Despite the clear dominance of Google, as indicated by user preference and multiple blind tests online, there are cases where Bing produces better results in searches. Bing is a good alternative to Google but it is easier for most people to simply stick with what they are already used to.
1. Google is the search engine of the company with the same name while Bing is the search engine of Microsoft
2. Google is still the top search engine in the world while being is a top contender for the spot
3. Google has been around for over a decade while Bing is relatively new and still in beta stage

We guess you would have to be under a rock not to. Bing really wants to steal the search engine market away from the big G and they realized that the only way to do this would be to build an awesome search engine. And guess what, they did!
Let’s use a little utility we found called Google-Bing Search. We like to call it Google vs. Bing (as this is what the “search” button says). What it does is compare search results from both engines side by side. Let’s take a look at how it works.
We can type in our search terms and hit the button that says Google Versus Bing. It will compare the results side by side in your browser.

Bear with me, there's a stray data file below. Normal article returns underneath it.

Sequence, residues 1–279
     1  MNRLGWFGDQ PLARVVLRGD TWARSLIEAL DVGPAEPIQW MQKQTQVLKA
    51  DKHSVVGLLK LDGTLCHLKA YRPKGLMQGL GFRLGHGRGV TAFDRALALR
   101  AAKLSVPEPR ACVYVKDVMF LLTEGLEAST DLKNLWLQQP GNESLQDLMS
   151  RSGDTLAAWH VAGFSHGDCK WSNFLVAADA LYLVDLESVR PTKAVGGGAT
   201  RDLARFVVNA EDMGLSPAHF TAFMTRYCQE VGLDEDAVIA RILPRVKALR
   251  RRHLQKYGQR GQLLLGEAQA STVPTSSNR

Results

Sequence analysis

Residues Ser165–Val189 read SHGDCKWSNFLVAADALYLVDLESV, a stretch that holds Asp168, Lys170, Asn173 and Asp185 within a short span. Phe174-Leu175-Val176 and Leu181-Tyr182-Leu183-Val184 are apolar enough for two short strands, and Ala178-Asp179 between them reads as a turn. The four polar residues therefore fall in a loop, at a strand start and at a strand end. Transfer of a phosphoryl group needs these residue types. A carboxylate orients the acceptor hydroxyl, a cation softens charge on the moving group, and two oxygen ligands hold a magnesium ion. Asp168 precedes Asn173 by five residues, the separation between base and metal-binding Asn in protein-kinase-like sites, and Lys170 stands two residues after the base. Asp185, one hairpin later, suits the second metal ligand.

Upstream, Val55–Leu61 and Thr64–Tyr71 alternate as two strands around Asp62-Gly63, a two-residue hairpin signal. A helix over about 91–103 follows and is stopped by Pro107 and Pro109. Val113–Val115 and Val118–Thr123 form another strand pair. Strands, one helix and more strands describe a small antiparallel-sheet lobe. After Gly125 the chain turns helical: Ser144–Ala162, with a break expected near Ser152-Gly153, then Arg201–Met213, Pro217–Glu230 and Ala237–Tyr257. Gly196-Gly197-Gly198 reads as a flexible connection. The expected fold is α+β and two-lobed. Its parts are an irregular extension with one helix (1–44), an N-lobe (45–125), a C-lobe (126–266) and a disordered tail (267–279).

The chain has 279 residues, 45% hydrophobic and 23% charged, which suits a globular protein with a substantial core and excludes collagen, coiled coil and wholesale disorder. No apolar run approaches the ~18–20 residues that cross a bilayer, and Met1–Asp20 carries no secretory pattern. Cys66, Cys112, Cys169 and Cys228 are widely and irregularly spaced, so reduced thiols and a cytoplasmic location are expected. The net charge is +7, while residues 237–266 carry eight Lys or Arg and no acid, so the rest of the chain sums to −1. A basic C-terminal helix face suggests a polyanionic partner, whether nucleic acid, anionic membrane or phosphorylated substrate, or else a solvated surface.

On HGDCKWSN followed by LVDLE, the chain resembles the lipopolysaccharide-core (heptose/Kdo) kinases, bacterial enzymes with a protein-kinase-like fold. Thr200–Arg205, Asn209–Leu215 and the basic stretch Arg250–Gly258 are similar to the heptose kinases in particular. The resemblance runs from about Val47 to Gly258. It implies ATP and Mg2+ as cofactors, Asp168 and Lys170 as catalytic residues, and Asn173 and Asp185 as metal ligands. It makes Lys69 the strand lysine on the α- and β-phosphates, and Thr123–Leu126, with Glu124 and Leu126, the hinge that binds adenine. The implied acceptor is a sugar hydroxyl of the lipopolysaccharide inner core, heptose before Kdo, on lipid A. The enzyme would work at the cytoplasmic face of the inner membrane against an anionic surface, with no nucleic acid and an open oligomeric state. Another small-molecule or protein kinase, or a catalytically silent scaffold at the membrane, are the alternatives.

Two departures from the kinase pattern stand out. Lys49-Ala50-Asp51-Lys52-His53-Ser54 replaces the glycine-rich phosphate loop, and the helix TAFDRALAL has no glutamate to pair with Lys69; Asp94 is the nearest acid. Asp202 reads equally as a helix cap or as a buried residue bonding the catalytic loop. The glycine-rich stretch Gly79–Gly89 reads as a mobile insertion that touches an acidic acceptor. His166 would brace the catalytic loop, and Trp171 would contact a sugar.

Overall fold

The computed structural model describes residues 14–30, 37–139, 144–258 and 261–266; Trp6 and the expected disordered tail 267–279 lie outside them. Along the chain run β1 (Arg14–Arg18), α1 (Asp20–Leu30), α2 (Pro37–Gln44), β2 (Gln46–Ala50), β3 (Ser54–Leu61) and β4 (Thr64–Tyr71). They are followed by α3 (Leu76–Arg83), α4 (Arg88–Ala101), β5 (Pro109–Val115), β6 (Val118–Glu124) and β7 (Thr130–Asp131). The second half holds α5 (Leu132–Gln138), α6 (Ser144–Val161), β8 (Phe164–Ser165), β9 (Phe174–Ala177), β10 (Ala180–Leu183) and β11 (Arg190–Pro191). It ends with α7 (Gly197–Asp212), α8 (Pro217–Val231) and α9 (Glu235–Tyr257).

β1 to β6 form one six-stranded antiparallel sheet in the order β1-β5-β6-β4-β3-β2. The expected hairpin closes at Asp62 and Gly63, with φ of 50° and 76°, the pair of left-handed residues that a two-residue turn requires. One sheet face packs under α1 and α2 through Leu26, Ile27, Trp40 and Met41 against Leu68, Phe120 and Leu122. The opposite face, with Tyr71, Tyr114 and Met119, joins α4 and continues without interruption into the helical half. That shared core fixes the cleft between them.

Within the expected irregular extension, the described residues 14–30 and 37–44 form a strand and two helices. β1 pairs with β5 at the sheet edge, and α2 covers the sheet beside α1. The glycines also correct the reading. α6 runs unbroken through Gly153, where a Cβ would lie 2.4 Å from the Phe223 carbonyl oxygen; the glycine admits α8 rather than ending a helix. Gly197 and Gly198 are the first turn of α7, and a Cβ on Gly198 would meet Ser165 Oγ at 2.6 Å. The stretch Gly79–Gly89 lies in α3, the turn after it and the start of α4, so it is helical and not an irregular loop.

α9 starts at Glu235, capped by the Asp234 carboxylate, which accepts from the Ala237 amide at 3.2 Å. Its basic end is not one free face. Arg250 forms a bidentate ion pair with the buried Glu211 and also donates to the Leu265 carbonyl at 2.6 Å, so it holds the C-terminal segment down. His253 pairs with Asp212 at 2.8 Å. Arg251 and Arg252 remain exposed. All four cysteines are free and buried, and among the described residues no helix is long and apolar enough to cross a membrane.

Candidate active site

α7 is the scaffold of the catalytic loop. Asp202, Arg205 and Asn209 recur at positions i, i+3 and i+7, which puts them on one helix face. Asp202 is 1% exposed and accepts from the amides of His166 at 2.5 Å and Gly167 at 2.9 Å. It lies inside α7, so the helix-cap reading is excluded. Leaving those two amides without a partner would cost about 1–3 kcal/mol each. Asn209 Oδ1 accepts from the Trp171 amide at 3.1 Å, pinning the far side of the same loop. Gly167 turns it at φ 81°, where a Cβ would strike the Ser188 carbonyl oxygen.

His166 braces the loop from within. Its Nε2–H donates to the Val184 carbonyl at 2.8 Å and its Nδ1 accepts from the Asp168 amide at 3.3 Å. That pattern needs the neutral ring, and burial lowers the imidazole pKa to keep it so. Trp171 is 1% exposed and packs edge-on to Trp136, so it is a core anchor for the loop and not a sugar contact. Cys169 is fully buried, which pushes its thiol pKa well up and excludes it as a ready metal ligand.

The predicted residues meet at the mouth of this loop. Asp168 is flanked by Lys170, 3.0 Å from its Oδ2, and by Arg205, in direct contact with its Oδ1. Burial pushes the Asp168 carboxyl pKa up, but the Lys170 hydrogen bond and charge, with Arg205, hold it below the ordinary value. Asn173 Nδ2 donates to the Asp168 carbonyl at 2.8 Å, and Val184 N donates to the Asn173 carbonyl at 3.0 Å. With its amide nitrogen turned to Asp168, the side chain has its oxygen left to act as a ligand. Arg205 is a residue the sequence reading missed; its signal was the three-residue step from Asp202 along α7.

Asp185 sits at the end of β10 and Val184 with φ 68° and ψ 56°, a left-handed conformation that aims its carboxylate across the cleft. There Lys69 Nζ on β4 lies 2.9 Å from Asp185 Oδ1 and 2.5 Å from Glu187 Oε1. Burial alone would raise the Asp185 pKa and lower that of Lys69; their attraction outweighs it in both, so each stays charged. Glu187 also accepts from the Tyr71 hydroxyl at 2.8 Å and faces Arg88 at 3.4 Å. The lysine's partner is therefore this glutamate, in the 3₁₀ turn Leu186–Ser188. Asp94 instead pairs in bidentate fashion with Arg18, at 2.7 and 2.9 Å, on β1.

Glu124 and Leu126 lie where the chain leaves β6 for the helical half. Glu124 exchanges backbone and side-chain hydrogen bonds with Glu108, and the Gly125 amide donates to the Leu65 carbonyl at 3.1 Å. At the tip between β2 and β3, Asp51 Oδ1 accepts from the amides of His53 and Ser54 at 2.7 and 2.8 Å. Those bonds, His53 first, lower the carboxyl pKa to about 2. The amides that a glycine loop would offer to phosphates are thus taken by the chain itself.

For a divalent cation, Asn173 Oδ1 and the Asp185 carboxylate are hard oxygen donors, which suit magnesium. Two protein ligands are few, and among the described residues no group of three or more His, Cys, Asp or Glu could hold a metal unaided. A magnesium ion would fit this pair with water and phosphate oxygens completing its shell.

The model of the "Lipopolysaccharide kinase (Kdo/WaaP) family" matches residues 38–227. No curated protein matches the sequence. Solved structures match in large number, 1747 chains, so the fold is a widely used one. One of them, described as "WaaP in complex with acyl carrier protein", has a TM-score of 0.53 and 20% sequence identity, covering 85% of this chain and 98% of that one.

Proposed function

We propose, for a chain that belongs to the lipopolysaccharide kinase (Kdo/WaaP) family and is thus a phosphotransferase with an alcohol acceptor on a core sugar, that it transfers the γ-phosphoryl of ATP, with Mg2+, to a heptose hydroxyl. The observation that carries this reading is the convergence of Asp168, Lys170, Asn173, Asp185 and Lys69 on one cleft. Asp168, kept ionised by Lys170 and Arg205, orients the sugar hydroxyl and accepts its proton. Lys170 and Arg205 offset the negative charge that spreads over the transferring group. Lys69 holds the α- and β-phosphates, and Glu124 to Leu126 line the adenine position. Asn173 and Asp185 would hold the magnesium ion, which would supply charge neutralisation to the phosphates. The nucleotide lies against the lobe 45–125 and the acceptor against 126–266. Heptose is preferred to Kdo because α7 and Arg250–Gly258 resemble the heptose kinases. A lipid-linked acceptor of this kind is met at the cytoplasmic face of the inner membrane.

Well, while we are here, we should test out some searches and see what we get. Let’s start with a simple search for + Karl Gechlik and have a look at the results.
We are really digging this tool and we will be doing a bunch more tests. It will definitely come in handy when comparing these two search engines to have a different set of results every time.

Google and ask
·        Has been in the search game a long time, and saw the web graph when it is much cleaner than the current web graph
·        Looks for natural link growth over time
·        Heavily biases search results toward informational resources .
·        A page on a site or sub domain of a site with significant age or link related trust can rank much better than it should, even with no external citations